On May 24, 1973, Israeli eyes turned to the platform in front of the Knesset, the country's parliament, for the swearing-in of its new president. Standing together were Speaker Yisrael Yeshayahu and outgoing president Zalman Shazar, called upon by Prime Minister Golda Meir to hand over the reins of the presidency to Ephraim Katzir, a London-born, American-educated scientist, one of the best minds in Israel.

Just three months before, Shazar – born Shneur Zalman Rubashov – had dropped a bombshell, announcing at a historic Chabad-Lubavitch synagogue in the Old City, the famed Tzemach Tzedek shul, that he would not seek another term as president.

The suggestion had come from the Rebbe, Rabbi Menachem M. Schneerson, of righteous memory, who had guided Shazar throughout his career.

"I was called up to the Torah in the Tzemach Tzedek," Shazar wrote that day to the Rebbe. "I mentioned that I am leaving office and it brought with it a wave of displeasure, however, [the people expressing this] are not the ones who decide."

At the Knesset, making a speech in honor of his successor, Shazar assumed the poetic tone he had become famous for: "There is no blessing in my heart for our land other than the blessing of peace in all the facets of our life," he said. "Peace between all the nations and races in our land, peace between our land and our neighbors, and peace between all the various segments of our nation."

Turning to Katzir, the outgoing president invoked biblical language: "Arise, arise chosen of the nation and blessed by G‑d in a good and auspicious time. You should merit seeing with your very eyes … peace and righteousness reign in the land of our forefathers."

But the fourth president's term was fraught with difficult days. In the ensuing months and years, a series of governments fell, political scandals rocked the public and the security situation deteriorated to its lowest depths. The Yom Kippur War came at the end of the summer in 1973, terrorists took over hotels in Tel Aviv, bombs exploded in Jerusalem's streets. At the same time, the nation's fabric seemed torn between Israel's various factions, who staged demonstrations bringing out tens of thousands of people.

Katzir applauds the group of Chabad-Lubavitch emissaries.
Katzir applauds the group of Chabad-Lubavitch emissaries.

Builders of the Land

In 1976, when his third year in office dawned, the dream of peace Katzir had been charged with had still not materialized.

But that winter, in front of thousands of people who had gathered at Lubavitch World Headquarters in Brooklyn, N.Y., the Rebbe made a surprise announcement. On occasion of the anniversary of the release from prison of the First Chabad Rebbe, Rabbi Schneur Zalman of Liadi, 20 Chabad-Lubavitch Chasidim – a mix of married couples and single rabbinical students – would be moving to Israel.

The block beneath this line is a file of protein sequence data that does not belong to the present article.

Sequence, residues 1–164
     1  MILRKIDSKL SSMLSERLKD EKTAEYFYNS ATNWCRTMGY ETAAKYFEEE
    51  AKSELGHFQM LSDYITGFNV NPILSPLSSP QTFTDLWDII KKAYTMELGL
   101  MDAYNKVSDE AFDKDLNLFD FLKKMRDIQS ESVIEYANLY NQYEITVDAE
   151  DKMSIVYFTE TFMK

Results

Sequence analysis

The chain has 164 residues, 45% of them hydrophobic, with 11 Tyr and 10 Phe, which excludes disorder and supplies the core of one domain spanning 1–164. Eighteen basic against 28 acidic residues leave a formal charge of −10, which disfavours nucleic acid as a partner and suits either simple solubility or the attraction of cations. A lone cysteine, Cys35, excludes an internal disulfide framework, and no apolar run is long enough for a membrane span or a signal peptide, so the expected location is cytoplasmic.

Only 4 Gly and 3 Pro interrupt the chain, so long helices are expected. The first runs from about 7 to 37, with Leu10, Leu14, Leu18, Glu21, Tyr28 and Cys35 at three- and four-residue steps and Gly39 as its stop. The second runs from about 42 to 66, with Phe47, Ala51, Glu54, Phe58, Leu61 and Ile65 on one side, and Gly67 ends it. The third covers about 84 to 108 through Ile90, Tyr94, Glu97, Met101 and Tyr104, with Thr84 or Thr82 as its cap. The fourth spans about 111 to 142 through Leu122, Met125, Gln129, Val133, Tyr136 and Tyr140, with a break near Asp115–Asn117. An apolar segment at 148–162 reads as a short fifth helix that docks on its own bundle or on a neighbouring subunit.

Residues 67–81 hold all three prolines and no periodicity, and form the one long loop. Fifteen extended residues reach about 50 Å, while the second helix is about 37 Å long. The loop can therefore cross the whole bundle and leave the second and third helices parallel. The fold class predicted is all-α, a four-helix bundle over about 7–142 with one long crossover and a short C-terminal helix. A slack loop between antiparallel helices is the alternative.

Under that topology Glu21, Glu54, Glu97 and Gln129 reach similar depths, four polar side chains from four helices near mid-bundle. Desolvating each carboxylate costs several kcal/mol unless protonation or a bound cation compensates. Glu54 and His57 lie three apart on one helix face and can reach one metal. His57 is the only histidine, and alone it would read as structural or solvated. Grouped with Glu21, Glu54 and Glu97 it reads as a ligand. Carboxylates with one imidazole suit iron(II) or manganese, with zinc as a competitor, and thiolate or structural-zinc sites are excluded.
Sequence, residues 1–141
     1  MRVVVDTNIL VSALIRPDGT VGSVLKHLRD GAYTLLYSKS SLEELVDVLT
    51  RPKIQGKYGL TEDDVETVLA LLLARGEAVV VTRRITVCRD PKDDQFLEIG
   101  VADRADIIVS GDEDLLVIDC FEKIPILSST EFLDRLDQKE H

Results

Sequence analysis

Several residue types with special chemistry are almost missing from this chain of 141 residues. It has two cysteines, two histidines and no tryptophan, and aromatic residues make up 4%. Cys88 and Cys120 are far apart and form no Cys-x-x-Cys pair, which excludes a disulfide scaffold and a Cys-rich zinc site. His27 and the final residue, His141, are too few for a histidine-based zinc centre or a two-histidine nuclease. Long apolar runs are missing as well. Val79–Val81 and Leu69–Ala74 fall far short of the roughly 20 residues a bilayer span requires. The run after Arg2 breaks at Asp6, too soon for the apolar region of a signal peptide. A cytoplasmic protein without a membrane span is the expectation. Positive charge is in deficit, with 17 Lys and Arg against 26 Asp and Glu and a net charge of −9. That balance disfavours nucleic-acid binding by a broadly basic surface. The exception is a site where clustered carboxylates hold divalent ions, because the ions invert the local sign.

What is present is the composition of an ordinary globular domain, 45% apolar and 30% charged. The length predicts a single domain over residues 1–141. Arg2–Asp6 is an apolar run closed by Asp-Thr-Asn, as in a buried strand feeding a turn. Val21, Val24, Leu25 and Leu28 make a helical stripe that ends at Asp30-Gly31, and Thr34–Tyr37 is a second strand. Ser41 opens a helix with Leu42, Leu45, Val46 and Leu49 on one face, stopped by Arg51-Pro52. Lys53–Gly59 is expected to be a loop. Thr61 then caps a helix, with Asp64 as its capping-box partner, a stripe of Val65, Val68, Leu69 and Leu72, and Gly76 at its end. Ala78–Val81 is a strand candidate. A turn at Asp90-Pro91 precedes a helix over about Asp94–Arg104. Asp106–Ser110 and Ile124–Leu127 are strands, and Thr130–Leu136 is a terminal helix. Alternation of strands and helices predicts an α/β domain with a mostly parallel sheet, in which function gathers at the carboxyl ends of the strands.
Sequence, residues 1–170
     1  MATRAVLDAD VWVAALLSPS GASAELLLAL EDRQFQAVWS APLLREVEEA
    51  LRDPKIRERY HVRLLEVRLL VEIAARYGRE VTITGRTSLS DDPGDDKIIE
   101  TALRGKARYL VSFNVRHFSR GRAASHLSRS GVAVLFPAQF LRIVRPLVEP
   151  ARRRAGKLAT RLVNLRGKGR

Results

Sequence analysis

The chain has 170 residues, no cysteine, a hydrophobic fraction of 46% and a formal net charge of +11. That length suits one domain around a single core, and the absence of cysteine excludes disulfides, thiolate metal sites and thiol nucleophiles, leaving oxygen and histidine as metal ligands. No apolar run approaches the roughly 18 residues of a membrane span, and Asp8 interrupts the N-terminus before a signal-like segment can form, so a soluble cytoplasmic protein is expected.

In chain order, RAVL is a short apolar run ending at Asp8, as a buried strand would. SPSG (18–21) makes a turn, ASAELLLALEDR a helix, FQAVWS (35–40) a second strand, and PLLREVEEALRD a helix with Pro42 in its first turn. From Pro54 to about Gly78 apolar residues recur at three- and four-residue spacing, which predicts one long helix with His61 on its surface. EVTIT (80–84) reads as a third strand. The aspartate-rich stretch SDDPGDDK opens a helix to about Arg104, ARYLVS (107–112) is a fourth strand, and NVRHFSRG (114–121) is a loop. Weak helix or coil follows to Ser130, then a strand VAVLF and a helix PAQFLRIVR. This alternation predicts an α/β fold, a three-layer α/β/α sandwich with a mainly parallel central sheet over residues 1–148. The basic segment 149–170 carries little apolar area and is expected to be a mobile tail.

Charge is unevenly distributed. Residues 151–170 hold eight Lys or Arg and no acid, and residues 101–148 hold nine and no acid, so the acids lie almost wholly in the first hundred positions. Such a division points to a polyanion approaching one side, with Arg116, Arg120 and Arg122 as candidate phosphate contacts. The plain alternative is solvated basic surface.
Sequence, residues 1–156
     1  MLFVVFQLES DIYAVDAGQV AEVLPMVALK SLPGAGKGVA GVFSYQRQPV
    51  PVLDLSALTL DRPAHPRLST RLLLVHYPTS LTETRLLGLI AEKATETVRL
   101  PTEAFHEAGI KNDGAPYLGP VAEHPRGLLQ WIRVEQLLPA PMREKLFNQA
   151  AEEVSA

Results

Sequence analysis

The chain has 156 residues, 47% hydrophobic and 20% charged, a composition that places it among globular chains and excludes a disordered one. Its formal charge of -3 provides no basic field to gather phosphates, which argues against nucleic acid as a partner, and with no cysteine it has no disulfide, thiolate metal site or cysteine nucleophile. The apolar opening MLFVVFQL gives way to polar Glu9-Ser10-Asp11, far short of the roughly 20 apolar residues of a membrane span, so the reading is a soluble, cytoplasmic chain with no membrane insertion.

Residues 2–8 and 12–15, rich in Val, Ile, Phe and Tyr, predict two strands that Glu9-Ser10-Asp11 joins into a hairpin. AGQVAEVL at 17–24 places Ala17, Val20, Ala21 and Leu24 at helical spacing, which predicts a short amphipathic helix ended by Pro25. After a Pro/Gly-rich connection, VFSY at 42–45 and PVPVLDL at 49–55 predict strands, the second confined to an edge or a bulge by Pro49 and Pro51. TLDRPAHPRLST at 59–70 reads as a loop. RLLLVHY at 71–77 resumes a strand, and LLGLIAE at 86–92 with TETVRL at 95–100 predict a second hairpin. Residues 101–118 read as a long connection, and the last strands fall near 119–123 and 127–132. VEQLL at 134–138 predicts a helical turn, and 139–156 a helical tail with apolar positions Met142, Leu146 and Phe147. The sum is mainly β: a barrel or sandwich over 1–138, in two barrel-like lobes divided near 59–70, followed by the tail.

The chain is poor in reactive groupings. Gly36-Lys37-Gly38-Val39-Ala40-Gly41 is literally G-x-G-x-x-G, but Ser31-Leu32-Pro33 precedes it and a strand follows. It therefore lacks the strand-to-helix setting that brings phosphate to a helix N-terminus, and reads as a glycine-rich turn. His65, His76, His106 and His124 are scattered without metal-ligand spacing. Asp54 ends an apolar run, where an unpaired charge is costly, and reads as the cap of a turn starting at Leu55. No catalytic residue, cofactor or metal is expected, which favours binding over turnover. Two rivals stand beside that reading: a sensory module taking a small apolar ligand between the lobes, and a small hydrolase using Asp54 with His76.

The First Rebbe said that "the charity he [established] for the settlement of those in the Holy Land had stood for him in his merit during his time in jail," the Rebbe explained. Therefore, it was an auspicious time for 10 people to go to Jerusalem and 10 to Safed.

Among their missions, the Rebbe said, was to fulfill those Divine precepts that can only be performed in the Land of Israel.

At the gathering, the Rebbe spoke at length about how to obtain lasting peace in the Holy Land. He based his strategy on Jewish law, Talmudic theology, a love of the Land of Israel and those that dwelled inside it, and an intimate knowledge of Israeli national security issues.

Six weeks later, thousands of people escorted the group of Chabad-Lubavitch emissaries – men, women and children – to their new lives in Israel. Waiting to greet them was none other than Katzir and Prime Minister Yitzchak Rabin.

At a meeting at the Knesset, their teacher and mentor, the cherished scholar Rabbi Mordechai Mentlik, presented Rabin with a check for $10,000, sent by the Rebbe for the specific purpose of building the Land of Israel.

That day at Katzir's official residence, the president – who, like his predecessor, had attended Chasidic gatherings in the central Israeli village of Kfar Chabad – spoke to the group about its holy mission "to build the land."

"We have experimented with many military operations," Katzir said. "You speak about tasks that the Rebbe requested that you do. These tasks are traditional from the time of the birth of the Jewish nation.

"At times we need to do one military operation or another. At times we need to make financial decisions. However, we all wish that [regarding] the tasks that the Rebbe requests, we will all do them," he continued. "If only we would reach the day when we will not need the materialistic task, the military tasks, and all of us will be able to dedicate ourselves to our spiritual responsibilities."